|Terrible photo, sorry! Blame the short days here in the North...|
I got some lovely hand lotion (Molton Brown) and Simon gave us both a box of French foods: duck pate, red wine, chocolate truffles and the like. Bill bought me a shed load of Art Deco books, which I'm hoping he'll enjoy as well. My favourite of those so far is Art Deco Fashion by Suzanne Lussier (a V&A publication), but I've not got through them all yet. He also got me the film Turning Point. I'd forgotten how beautiful Ann Bancroft was. It was surprising to see how young Baryshnikov and MacLaine once were (weren't we all?)
My lovely step-children bought me loads off my Amazon wish list:
W./E. (I expected to hate this and love the clothes, but actually I really liked the film itself - both the story lines grabbed me. Madonna was slated for this film, but I have to say I thought it was quite good, and of course the clothes were spectacular.)
Let's Bring Back, by Leslie M. M. Blume. I wondered how this would compare with An Encyclopedia of Exquisite, but it's been a year since I read that, so I need to go back and re-fresh myself. I've learned loads from Blume's book and, at this writing, I'm only in the Ns.
An Everlasting Meal by Tamar Adler. There is a lot in here for the frugal chef and she writes beautifully as well. Her chapter titles are beguiling and much in the style of MFK Fisher who wrote How to Cook a Wolf in the austerity of WWII. Adler has given me a lot of ideas to try, but she does seem to rely heavily on olive oil and salt. However, she gives wonderfully practical advice about a wealth of things, growing and using herbs for one, and she's convinced me to go back to boiling veg, if only to use the water afterwards. I've not finished this yet, but reading it - like reading Elizabeth David - is almost as good as eating a meal.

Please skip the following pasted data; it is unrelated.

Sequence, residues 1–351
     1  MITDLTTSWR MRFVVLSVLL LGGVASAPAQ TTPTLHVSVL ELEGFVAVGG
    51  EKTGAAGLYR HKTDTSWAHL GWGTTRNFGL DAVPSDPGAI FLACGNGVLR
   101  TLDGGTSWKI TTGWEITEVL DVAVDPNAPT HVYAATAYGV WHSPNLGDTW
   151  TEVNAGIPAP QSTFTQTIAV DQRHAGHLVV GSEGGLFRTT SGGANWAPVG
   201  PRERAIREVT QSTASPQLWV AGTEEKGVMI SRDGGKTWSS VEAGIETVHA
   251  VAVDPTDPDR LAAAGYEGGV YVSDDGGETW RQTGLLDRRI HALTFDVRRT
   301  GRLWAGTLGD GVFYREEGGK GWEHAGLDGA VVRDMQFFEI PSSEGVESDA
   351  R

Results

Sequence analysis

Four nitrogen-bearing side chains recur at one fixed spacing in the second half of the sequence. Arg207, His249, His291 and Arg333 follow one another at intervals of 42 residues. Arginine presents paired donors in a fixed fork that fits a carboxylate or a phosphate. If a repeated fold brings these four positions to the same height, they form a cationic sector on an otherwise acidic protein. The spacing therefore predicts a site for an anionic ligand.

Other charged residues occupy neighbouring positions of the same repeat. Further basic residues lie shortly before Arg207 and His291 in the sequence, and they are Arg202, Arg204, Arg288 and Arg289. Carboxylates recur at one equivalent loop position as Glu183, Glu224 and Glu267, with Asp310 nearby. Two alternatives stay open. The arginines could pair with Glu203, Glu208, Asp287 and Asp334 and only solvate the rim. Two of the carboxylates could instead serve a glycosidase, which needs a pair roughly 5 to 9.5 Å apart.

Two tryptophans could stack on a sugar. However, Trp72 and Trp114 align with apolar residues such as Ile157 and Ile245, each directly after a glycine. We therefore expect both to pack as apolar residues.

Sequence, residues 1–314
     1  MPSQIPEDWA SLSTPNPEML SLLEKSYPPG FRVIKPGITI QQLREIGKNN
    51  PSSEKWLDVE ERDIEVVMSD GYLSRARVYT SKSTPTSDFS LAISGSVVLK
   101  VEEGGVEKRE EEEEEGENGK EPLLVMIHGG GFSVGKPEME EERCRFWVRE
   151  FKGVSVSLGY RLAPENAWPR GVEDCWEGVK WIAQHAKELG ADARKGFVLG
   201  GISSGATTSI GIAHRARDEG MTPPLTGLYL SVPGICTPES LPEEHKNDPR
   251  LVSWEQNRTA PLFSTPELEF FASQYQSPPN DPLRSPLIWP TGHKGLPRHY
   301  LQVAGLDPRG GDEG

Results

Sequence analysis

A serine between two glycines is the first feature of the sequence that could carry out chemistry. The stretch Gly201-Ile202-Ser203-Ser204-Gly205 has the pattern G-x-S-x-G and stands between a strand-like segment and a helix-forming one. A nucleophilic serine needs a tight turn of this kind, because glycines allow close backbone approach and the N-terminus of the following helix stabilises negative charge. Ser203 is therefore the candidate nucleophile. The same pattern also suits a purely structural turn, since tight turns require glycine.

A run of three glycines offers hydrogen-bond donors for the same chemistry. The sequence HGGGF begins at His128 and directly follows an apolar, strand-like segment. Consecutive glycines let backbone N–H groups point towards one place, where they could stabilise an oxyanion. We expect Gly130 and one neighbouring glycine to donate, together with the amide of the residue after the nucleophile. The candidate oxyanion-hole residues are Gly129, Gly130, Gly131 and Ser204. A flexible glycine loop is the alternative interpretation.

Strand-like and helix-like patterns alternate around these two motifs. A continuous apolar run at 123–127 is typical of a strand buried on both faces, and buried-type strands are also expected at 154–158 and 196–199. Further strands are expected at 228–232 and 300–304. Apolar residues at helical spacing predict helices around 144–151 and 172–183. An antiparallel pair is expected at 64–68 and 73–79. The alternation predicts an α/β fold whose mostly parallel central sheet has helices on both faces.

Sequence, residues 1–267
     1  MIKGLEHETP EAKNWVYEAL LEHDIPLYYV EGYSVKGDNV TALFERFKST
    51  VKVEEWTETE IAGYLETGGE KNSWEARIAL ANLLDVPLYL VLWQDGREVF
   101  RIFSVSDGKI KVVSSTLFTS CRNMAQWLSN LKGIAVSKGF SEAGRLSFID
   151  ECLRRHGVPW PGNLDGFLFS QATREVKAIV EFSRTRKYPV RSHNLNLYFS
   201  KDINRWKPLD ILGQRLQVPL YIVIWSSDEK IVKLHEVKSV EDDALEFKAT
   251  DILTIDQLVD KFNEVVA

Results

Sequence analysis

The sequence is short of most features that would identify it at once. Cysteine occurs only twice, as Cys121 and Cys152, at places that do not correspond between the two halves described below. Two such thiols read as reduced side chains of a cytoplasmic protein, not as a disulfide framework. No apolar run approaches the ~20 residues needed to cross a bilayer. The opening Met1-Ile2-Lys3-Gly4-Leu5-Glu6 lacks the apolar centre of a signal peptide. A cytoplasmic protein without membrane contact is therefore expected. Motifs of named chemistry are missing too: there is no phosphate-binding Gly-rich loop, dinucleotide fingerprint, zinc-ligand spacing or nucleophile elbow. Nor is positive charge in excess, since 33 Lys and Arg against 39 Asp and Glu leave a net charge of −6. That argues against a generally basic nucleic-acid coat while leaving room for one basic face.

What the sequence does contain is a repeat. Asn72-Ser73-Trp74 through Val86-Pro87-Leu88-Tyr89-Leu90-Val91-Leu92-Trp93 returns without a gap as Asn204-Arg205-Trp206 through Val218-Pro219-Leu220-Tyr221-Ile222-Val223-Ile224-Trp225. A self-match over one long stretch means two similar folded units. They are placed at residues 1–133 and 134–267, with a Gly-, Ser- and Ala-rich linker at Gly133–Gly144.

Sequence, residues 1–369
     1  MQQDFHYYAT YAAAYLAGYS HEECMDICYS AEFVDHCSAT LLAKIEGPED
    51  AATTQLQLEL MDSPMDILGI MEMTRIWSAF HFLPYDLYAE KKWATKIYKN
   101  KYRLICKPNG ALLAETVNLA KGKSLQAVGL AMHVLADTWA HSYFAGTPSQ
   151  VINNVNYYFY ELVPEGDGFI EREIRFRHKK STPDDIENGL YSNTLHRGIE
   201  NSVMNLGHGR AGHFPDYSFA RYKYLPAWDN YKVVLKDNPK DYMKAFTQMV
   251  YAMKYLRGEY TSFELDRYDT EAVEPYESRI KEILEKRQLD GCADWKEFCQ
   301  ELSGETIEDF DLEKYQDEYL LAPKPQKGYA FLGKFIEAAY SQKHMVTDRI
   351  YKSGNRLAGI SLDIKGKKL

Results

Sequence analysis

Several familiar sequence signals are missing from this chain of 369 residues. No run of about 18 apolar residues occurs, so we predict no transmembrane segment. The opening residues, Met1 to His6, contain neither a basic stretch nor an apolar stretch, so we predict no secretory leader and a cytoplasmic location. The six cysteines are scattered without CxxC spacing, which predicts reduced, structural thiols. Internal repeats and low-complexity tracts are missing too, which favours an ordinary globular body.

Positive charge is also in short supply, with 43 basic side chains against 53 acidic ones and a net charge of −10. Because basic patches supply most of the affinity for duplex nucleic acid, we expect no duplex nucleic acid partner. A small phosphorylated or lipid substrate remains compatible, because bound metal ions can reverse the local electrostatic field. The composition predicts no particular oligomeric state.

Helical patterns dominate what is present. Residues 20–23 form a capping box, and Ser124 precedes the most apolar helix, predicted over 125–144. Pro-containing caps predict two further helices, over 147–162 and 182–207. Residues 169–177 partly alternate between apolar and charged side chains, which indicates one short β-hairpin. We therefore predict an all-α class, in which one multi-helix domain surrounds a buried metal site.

1939: The Last Season by Anne de Courcy. Having read her book, The Viceroy's Daughters - The Lives of the Curzon Sisters, I knew this would be good and it is. It has all sorts of vivid details about what people did, clothes that were worn, etc. but also very much sets the scene in the months coming up to Britain's declaration of war with Germany.
Keeping up Appearances: Fashion and Class Between the Wars, by Catherine Horwood. Her Ph.D. supervisor was Amanda Vickery, whose book (Behind Closed Doors: At Home in Georgian England) I so enjoyed last year...must re-read that soon. If you haven't seen Vickery's TV series on this topic, I highly recommend it (it may be on PBS in the US). Horwood's book was focused primarily upon the middle classes, with a bit about either side of them, but it fits nicely in with what Thorstein Veblen talks about. It made me very glad to live in this day, to be retired and to be living outside of my own culture (because the rules don't apply as easily to me). Whew, what a relief!
I've yet to tackle:
Art Deco House Styles by Trevor Yorke. I've only flipped through this, but I'm thinking I probably prefer Art Nouveau objects, but Art Deco clothing.
London Art Deco, by Arnold Schwartzman. I'm thinking we're about due a fun (as opposed to business) trip to London soon. Perhaps this will give some ideas about what to go see?
Art Deco 1910-1939, edited by Charlotte Benton, Tim Benton and Ghislaine Wood. This is a 'coffee table' sized book and it will be amazing, I'm sure.
I've been on a spring cleaning kick this last week, culling films, books, clothes and what-nots. Have to make room for new acquisitions, after all!
Did you get anything fabulous for Christmas?